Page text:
“Somewhere with an expensive wine list.”

“Split a burger at Willard Hicks?”

“Sure.”

“The we can go home and rest.”

“Lord have mercy.”

I’m Living in the Gap, dealing with the Larry factor, and a whole new appreciation for a full house.

Anecdotes:

  • Epsom salt baths are better than any massage. Emilia Clarke
  • Costco is a passion. Costco is like a massage. Kris Jenner
  • I love to get a massage but I’m quite a baby with it. I don’t like them too hard or anyone walking on me or anything. When it’s good, it’s the best thing ever. When it’s bad, it’s an hour of absolute agony. Lara Stone
  • I do not live in my thighs or in my droopy butt. I live in joy and motion and coverups. I live in the nourishment of food and the sun and the warmth of the people who love me. Anne Lamott

42 Comments

Leave a Comment

  1. Very well-descrbed, Cheryl. I felt I was (almost) there with you! I have never had a massage, but if I suggested a ‘Thai Massage’ to my wife, I would still be explaining how I even knew it existed, by the time of the appointment. 🙂
    Best wishes, Pete.

    Liked by 2 people

    1. Thank you Pete, now that you mention it, I’m very curious about his intimate knowledge of Thai Massage? That should have been my first question! Where were you when I needed you? I would highly recommend the Swedish style massage, Swedes are very gentle! I’ve only had about 4 massages in my whole life but when done well it’s absolute heaven. You should give it a try, C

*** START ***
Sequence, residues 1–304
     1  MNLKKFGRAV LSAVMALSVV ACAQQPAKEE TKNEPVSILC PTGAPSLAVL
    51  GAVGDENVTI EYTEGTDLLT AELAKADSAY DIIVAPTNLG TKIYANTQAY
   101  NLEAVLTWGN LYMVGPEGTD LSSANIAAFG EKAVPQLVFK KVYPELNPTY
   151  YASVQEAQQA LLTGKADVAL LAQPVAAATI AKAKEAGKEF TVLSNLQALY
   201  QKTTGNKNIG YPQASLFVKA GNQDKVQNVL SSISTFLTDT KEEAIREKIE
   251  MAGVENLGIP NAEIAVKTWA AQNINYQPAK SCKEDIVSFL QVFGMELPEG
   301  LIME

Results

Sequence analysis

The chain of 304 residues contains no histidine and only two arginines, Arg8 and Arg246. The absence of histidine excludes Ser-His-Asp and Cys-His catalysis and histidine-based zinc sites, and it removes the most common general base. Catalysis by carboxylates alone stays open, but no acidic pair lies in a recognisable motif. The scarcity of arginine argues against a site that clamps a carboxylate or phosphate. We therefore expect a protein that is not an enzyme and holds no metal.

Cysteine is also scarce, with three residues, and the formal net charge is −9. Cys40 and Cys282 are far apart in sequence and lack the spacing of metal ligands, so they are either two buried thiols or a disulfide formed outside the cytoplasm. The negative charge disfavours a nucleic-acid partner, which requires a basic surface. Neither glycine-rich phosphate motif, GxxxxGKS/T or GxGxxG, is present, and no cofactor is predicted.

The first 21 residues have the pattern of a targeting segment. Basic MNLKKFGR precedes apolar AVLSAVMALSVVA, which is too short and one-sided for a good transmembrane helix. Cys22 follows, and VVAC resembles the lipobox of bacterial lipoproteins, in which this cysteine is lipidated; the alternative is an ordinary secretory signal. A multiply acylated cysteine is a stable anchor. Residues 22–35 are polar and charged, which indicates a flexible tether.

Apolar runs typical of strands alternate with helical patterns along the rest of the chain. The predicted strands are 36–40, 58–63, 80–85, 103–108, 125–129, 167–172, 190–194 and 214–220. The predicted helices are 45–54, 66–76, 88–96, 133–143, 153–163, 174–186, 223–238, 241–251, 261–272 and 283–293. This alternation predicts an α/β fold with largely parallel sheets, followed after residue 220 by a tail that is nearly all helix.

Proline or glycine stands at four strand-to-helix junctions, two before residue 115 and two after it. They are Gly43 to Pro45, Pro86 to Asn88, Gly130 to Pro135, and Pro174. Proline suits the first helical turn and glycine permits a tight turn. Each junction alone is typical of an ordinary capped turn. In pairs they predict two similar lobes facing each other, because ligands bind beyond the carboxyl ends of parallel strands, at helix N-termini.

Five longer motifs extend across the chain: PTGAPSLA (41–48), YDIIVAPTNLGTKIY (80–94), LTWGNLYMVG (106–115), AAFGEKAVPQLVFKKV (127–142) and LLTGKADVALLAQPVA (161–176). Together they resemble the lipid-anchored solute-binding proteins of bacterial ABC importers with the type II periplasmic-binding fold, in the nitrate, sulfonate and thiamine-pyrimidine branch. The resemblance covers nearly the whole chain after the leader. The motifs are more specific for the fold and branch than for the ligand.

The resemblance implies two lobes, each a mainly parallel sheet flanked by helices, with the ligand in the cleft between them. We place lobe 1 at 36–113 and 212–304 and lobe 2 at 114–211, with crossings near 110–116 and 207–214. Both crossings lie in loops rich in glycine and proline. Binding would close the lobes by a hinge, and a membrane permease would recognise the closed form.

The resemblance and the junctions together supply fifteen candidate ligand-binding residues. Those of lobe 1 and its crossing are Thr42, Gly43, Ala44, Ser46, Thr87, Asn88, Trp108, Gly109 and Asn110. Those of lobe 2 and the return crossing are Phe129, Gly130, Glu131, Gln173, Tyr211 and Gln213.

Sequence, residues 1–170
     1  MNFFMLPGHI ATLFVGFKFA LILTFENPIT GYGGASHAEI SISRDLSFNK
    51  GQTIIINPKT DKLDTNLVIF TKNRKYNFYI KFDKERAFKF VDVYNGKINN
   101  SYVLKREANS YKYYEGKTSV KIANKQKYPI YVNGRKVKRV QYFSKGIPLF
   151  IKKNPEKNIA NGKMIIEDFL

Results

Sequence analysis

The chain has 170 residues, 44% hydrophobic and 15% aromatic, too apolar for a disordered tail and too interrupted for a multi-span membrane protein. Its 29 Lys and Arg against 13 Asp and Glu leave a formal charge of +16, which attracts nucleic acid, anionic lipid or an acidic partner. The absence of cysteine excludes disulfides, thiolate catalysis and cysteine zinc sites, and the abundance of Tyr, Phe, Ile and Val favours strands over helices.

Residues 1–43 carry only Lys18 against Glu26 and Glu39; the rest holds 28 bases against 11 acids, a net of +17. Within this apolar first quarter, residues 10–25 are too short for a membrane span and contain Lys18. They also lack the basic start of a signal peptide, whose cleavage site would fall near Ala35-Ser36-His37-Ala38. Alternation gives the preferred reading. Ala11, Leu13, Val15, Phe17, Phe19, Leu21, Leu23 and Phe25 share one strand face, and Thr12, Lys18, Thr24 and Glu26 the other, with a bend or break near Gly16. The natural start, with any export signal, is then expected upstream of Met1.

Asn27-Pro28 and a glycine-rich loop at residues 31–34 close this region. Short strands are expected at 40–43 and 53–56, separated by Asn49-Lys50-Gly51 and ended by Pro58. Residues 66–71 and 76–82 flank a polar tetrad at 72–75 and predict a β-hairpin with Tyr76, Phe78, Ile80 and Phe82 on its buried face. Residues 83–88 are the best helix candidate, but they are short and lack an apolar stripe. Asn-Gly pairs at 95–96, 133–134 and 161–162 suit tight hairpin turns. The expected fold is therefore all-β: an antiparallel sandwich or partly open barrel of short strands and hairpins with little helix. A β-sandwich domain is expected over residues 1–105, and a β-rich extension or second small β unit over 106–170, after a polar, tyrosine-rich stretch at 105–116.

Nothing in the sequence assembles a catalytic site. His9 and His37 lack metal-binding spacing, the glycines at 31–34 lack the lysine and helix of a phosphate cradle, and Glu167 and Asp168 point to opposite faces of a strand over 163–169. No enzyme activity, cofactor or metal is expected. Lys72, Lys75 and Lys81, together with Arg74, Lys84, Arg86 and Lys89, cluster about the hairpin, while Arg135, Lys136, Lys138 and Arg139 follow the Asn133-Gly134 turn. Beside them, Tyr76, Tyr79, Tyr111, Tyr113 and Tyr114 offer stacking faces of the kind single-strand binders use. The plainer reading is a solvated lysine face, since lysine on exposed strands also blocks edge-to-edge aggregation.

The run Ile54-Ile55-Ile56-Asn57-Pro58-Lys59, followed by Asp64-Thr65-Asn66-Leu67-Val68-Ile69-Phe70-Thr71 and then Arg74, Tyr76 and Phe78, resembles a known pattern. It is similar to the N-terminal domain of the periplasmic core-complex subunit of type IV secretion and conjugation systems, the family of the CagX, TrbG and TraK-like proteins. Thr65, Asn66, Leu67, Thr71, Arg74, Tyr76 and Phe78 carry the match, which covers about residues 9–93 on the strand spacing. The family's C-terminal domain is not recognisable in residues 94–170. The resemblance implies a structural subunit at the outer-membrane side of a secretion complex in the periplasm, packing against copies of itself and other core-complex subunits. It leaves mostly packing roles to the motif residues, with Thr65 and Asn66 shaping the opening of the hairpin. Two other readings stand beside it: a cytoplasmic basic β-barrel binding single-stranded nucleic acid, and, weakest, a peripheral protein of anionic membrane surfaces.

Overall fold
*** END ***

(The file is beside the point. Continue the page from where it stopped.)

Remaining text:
Liked by 2 people

    1. Hi Terri, I too was laughing as I tried to not only visualize, but describe exactly how I looked all bent up on that torture table. Not the look I was going for! So glad this added a little humor to your day, love, Cheryl

      Liked by 1 person

  2. oh my dear friend….will you ever learn??? These are the things you ask your girlfriends about – never LARRY!! I felt every single heel in MY back!!! Now I am sore!!!

    Liked by 3 people

    1. I’m an extremely slow learner Sue which works in Larry’s favor, I’ll should tattoo a note to my hand, “what would Sue do?” Good to have someone to experience my pain with, we might need a glass of wine to ease our suffering, well that and a chocolate cookie. Cheers, C

      Liked by 1 person

  3. “It’s as if my body has become the Pacific Coast Trail? I’m finding it hard to breathe.”

    Oh… you think this was hard… I had to read this without passing out! I was practically weeping with laughter. Cracker of a story with the subplot of marital bliss. I really hope you rested well. 🤣

    Liked by 2 people

    1. Daniel it gives me so much pleasure to know I put a smile on your face. Love that someone gets my humor, and of course you recognized the subplot, that slipped by most.

      On another note I so enjoyed our Gecko call yesterday, your words were just what I needed to hear! Warmly, C

      Liked by 2 people

      1. 🙏🌻